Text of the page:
How to handle vague feedback

How to handle vague feedback

We know how important feedback is for growth. It is the breakfast of champions after all. But what happens when we want feedback; we ask for feedback; but we don’t get quality feedback? 

Consider the case of Yesa. Yesa asked her manager for feedback on how she presented at the annual conference.  

 Here’s a summary of how it went.  

 “How do you think I went at the conference last week?” 

 “Good.”  

 “Thanks. Anything else? Is there a particular area I should focus on for improvement?" 

 “Hmm…not really. You presented well. It was good.” 

While it’s nice to get positive feedback, responses like good, great, ok, fine or you did well, don’t provide a clear pathway for improvement and growth. Vague feedback can be frustrating to receive. It can feel to the feedback recipient as if the feedback giver is not that interested in helping them grow.  

However, there are several reasons people don’t give great feedback, including (but, of course, not limited to): 

  • Not sure of what to give feedback on 
  • Didn’t really notice anything that warrants specific feedback 
  • Uncomfortable about having to give critical feedback 
  • Doesn’t feel qualified to give feedback 
  • Isn’t qualified to give feedback 
  • Unsure of how potential feedback might be received 
  • Doesn’t have time to give proper feedback 
  • Doesn’t really care enough to give feedback 

One of the ways to combat vague feedback, regardless of why you’re getting it, is to make it easier for the person to give it to you. 

If you want actionable, specific and relevant feedback from someone, then you need to make it easy for them to do so.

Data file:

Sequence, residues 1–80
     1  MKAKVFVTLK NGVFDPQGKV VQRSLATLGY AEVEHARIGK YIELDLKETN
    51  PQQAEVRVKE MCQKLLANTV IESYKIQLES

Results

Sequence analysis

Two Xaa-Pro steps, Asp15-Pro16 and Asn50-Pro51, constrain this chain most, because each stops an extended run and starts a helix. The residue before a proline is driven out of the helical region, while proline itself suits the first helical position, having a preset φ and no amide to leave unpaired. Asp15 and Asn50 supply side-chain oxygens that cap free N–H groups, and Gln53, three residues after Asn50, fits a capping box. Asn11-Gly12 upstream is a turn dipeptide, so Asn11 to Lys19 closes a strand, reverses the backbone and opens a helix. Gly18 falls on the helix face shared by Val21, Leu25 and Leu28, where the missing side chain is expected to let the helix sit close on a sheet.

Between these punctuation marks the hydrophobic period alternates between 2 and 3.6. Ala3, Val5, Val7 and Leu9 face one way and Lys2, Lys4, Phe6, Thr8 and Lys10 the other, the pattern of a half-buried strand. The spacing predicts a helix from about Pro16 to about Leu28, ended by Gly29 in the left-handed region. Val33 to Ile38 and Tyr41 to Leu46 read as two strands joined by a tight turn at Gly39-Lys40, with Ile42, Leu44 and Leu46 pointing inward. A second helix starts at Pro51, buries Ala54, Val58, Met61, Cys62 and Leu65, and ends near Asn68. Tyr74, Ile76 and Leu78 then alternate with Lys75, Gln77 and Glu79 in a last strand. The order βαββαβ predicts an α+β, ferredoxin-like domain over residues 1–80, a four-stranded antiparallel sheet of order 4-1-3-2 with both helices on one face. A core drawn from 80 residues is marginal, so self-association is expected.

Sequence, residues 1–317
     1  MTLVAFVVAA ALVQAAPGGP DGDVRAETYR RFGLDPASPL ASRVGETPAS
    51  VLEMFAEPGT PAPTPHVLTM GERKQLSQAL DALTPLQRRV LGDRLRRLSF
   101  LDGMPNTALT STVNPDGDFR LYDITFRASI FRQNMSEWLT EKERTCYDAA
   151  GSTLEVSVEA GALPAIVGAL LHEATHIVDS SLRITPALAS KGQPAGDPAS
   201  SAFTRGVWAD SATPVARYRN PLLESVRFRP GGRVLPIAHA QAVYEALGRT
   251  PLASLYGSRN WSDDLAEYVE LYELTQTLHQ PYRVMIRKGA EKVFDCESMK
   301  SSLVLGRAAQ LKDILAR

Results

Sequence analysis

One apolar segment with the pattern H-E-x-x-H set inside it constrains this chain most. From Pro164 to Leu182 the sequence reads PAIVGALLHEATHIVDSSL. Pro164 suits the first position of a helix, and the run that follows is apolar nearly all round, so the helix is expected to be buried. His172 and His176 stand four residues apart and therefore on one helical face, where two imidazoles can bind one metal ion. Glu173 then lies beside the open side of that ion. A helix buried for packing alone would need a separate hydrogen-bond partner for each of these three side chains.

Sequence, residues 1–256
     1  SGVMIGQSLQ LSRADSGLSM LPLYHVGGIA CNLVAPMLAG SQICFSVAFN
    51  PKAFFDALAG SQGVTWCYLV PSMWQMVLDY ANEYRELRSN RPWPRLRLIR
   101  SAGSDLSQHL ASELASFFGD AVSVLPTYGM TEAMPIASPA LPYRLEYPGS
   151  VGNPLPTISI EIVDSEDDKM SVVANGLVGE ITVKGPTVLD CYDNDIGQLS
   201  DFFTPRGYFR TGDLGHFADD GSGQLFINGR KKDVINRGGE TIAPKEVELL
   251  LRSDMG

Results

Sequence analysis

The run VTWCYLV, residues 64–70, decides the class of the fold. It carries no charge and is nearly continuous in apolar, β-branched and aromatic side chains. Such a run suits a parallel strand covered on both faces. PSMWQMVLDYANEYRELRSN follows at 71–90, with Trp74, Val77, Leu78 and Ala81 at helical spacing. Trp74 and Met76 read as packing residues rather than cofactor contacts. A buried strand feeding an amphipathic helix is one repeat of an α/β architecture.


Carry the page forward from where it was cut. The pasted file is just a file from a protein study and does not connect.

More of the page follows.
How to get great feedback

Ask the person for feedback, before the event occurs, so they know what to pay attention to in the moment. 

Give them something specific to focus on, so they can give you useful feedback when you ask for it. Tell them what you want feedback on, and why it’s important to you. 

 Here’s a re-run of how Yesa’s interaction could be improved on for next time. 

 “As you know I’m presenting at the annual conference next week. I’m wondering if you would mind giving me some feedback after the event? I’m working to develop my presentation skills, so I can get out on the road and do more customer presentations.”

 “Sure.”

 “Great. Thanks. I’m working on slowing my speech down and maintaining strong eye contact with the audience. When I get nervous I tend to speak quickly and look away from the person I’m in front of. Any feedback on those areas would be great.”

 “Ok. I can do that.”

 “Thanks. I’ll catch up with you after the event to hear your thoughts.”

When people know what kind of feedback you want, it makes it much easier to help you. So do yourself a favour and introduce the feedback conversation before they need to give it to you. That way it’s not a surprise feedback conversation; it’s a strategic one; one that they are ready to deliver on. 

 Let me know how you go.

Anneli

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